Short (finance)

Hedge funds are jubilant after performing only 30% worse than the S&P 500

October 17, 2013
October 17, 2013

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Can hedge funds get their mojo back? Even though they’re still under-performing major US stock indices, the third quarter could have been a whole lot worse.

New data show hedge funds averaged a 3.24% return (pdf) in the third quarter, after struggling to return 0.06% in the second quarter. “Hedge funds enjoyed a robust recovery from a subpar Q2 2013, with single-manager funds eclipsing their near-neutral second-quarter returns by more than three percentage points,” wrote analysts from Preqin Ltd., which compiles data from hedge funds.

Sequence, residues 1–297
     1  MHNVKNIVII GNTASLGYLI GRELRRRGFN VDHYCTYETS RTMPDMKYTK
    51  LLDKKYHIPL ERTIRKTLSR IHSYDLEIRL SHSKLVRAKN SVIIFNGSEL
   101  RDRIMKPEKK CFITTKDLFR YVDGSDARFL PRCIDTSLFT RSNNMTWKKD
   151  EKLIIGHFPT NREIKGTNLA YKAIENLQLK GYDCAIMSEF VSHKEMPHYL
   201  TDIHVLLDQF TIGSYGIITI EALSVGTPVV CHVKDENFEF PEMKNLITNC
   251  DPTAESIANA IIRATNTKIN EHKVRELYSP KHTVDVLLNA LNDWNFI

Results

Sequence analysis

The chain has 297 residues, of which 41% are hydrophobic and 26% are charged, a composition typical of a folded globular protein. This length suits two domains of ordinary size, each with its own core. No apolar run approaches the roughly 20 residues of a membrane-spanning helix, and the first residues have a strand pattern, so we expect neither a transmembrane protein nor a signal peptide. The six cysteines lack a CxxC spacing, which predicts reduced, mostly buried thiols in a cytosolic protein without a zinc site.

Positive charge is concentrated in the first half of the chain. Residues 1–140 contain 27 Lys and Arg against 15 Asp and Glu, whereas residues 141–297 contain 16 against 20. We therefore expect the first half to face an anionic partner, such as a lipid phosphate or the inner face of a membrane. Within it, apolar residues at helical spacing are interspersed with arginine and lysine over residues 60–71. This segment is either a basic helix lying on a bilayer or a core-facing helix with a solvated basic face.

While hedge funds’ third-quarter performance is a clear improvement, it leaves out one simple fact: a hedge fund’s investors still would have earned more if they had invested in a basic S&P 500 index. In the third quarter, the S&P rose by 4.69%. And over the last year, the S&P 500 has earned 16.72%, while hedge funds averaged 9.98% over that period.

Interestingly, however, the industry is still experiencing a revival in investor interest. Hedge fund inflows hit a five-year high in September, and a total of $95.3 billion for 2013. Even the Man Group, which hasn’t seen net inflows in two years, saw net $700 million (paywall) in the third quarter.

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